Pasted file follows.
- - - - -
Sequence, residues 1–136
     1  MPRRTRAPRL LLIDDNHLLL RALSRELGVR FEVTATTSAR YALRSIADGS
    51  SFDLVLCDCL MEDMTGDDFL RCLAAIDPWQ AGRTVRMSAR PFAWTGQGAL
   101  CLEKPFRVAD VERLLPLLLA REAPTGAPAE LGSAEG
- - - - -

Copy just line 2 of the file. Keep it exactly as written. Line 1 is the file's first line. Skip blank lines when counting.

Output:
     1  MPRRTRAPRL LLIDDNHLLL RALSRELGVR FEVTATTSAR YALRSIADGS